HBO’s The Jinx is True Crime With a Twist

The blurry lines between fact and fiction are examined in a new show about millionaire murder suspect Robert Durst
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Andrew Jarecki’s new HBO series The Jinx: The Life and Deaths of Robert Durst gives the initial impression of being much like any other true crime show: after opening with gruesome close-ups of body parts in trash bags, while dark mood music plays in the background, Galveston law enforcement officials explain how they caught the trail of the infamous millionaire murder suspect, Robert Durst. But unlike true crime—which ends when bad guys are caught—the first episode of Jarecki’s new series picks up speed close to its end, when he introduces his own presence into the mix. First, Jarecki includes mention of his 2010 film All Good Things, which explores the 1982 disappearance of Durst’s first wife, Kathy. The episode concludes with a phone call from Durst to Jarecki, and finally shots of Durst sitting down for an interview: Durst plans to cooperate with Jarecki, having told him over the phone that he isn’t “interested in any of that true crime stuff.”

The Jinx gives new meaning to meta: the director is investigating his own relationship to the truth and to his subject, while simultaneously attempting to test the possibility that someone generally assumed to be a pathological liar might perhaps be capable of telling something other than a lie. Alternatively, Jarecki may also be pursuing the theory that lies, artfully told, are just as cinematically interesting—or perhaps more interesting—than the truth. Jarecki covers the ambiguous terrain between truth and fiction in his disturbing 2003 documentary Capturing the Friedmans, which focuses on convicted father-and-son child molesters Arnold and Jesse Friedman. In Friedmans, the audience is left to wonder if the guilty parties are in fact actually guilty.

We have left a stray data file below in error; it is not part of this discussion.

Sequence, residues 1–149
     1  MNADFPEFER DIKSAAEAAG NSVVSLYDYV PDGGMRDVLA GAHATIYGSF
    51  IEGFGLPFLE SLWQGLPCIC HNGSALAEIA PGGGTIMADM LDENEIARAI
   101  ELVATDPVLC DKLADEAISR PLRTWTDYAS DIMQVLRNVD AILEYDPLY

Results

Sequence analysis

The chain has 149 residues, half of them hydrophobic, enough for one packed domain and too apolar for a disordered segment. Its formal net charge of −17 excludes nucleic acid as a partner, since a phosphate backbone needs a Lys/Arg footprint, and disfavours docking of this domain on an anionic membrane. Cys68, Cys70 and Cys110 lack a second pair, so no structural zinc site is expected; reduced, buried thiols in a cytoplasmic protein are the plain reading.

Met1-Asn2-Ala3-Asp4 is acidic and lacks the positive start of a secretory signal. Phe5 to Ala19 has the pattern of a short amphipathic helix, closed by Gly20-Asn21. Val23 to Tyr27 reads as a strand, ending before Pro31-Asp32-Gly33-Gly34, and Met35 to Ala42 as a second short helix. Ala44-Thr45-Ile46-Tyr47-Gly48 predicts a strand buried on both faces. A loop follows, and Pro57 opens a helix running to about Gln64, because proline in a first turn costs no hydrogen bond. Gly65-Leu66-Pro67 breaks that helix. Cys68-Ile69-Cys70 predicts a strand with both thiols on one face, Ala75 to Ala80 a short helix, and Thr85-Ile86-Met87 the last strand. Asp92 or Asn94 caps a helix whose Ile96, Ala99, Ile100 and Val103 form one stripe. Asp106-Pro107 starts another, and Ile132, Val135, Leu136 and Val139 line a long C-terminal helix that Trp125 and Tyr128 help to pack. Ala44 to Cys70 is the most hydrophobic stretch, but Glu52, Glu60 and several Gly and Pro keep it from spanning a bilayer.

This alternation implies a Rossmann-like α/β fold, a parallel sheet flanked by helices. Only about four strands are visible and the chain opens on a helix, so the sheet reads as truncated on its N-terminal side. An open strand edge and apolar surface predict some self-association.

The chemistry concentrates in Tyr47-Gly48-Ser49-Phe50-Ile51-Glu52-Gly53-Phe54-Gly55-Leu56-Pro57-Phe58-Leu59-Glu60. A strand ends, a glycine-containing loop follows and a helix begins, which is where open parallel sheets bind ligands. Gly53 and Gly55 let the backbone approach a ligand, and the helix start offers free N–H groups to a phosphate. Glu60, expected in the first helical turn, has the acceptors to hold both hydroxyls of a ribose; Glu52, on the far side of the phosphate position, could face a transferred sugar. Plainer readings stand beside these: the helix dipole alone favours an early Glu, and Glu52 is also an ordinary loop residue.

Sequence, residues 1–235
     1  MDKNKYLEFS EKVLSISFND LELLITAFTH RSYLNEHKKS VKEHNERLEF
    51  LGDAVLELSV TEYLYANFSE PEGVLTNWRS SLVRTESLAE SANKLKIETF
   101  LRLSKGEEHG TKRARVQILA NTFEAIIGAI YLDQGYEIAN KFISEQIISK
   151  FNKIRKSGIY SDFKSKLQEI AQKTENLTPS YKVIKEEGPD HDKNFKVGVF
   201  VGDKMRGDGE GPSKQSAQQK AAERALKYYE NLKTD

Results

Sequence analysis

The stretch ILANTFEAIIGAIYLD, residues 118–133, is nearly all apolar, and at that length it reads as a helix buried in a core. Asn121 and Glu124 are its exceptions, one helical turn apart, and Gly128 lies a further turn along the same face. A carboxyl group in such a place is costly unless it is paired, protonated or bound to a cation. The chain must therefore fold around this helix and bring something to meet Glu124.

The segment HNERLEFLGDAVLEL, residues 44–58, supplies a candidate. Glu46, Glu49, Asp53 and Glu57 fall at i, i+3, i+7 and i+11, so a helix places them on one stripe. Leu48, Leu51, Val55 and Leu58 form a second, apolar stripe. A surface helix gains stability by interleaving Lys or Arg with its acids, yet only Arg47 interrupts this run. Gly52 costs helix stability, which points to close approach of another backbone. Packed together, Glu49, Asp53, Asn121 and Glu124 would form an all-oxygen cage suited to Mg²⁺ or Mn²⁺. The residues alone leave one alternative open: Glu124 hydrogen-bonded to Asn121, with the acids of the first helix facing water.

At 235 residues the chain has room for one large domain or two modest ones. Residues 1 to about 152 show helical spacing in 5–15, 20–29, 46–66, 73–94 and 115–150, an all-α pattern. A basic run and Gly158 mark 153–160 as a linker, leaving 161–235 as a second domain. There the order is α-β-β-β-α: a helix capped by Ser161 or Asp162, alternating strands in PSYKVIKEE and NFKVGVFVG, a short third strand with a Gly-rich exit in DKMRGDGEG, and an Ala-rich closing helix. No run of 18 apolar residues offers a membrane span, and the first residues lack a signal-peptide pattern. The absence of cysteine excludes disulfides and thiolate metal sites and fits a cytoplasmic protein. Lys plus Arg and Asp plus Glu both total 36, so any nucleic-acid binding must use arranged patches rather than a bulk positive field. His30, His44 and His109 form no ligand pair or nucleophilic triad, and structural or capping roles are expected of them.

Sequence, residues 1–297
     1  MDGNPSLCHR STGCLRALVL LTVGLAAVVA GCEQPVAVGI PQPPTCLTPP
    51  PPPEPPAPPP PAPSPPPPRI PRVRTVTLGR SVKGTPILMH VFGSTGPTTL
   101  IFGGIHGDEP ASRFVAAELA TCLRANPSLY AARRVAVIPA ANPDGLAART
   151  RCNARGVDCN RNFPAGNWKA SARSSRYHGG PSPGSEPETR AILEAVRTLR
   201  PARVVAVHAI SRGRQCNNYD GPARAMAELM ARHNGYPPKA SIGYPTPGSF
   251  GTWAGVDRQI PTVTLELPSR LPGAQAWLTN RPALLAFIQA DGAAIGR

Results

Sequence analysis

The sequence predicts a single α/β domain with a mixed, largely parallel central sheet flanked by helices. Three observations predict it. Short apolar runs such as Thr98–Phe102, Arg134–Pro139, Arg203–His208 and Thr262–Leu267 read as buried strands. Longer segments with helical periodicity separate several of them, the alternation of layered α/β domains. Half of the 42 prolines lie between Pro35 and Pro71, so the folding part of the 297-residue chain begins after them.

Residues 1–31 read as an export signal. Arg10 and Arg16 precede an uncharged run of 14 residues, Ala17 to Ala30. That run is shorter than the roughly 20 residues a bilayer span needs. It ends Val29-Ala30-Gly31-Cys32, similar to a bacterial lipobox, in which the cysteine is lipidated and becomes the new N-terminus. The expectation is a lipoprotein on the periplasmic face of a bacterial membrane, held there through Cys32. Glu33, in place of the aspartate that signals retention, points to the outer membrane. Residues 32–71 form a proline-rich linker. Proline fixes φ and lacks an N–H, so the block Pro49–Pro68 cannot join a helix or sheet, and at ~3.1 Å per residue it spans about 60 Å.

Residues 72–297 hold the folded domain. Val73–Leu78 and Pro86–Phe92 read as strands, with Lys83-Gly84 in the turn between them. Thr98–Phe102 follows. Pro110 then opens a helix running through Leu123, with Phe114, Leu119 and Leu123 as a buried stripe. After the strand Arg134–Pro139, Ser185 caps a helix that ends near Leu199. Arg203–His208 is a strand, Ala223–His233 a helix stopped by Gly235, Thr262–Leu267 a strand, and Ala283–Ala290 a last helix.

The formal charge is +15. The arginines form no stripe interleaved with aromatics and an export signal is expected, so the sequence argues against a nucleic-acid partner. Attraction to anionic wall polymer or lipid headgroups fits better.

The Jinx seems poised to raise similar questions about Durst; in addition, Jarecki also seems willing and prepared to interrogate himself, asking difficult questions about his own engagement with his subject and his own truth. Unlike the podcast Serial, which seemingly focused not only on storytelling but also on pursuing justice for convicted killer Adnan Masud Syed, The Jinx seems less concerned with Durst’s actual innocence than with the meaning of innocence itself. In a world where a dismembered arm in a garbage bag is considered entertainment, are any of us innocent?

The Jinx airs Sundays at 9 p.m. on HBO

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